How To: See through people's clothes with a video camera

This video tutorial teaches you how to see through clothes using a blank roll of film and any video camera that has night vision. You won't see people completely naked, but you can see undergarments and the "shape" beneath...If your imagination just isn't cutting it anymore, check out this how-to video and start getting a peak at people in a slightly less clothed state.

How To: Turn a series of timelapse stills into video

Time lapse photography is a great tool for documentary filmmaking or just making a fun record of a construction project in your home. This video explains how to turn a series of still photos taken with your DSLR camera and turn them into an HD time lapse sequence. It's a bit technical for beginners, but the process isn't as complicated as it looks.

How To: Shoot low angle moving shots from ground level with a video camera

Low angle shots are a great way to evoke a sense of panic in movies, but if you're trying to get good quality shots from ground level with just your hands, then it's not going to work. The video footage will be all shaky, unless that's another look you're wanting to achieve in your film. If you want steady, fast-tracking low angle footage, then Ritwika has a great trick on taking those ground level moving camera shots. You'll need a monopod, water bottle (with water), 2 rubber bands and your ...

How To: Film skateboarding

In this video, we learn how to film skateboarding. First, get a camera that fits your price range and you will be ready to start filming. Next, use a long lens so you capture the best shots of people on their boards and in motion. Next, make sure you capture the lines that the skateboarder is skating on. Use different angles to get the best shot possible. You want to get close to the action, so you will need a fish eye lens. Use your skateboard to follow the skater around. Using these simple ...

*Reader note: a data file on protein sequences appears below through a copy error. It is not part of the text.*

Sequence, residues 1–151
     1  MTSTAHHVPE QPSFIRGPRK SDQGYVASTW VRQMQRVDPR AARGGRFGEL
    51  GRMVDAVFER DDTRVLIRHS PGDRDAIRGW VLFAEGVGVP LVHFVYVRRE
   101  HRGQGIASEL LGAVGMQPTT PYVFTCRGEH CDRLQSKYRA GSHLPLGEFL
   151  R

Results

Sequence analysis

How To: Use an external monitor with a camcorder

In this video from lunawebs we learn how to use an external monitor with a camcorder. The best way is to use an HDTV and use your HDMI output on the TV. The sound can also come through the monitor if you have a headphone port on the monitor. If you want to go outdoors, it will be more of a challenge. If you do not have an HDMI out on your camera, there is a component you can use. Composite AV outs are cheaper when it comes to monitors and camcorders. If you have a composite monitor, assign th...

How To: Change lenses on a camcorder

Make sure you have the appropriate lens for your digital camera. Look for markers on the lens that correspond with any mark on the camera body. Different brands have different markers. Some have square dots while some have red dots. Line these marks In one hand, hold your camera body firmly pointing to you. While holding it, push the lens button. Firmly hold the bottom of the lens (where the lens meets the camera body), and twist. Some cameras let you twist clockwise, others counterclockwise....

Hack Ikea: $15 Camera Dolly

Ikea Hacker features a nice Ikea mod: Romain turns the Ivar side unit into a camera dolly. "A few days ago, I found out that the Ivar 'wooden ladder' was perfect to use it as rails for my cinema dolly! I can now make some nice sequence shots with this 18€ accessory from Ikea."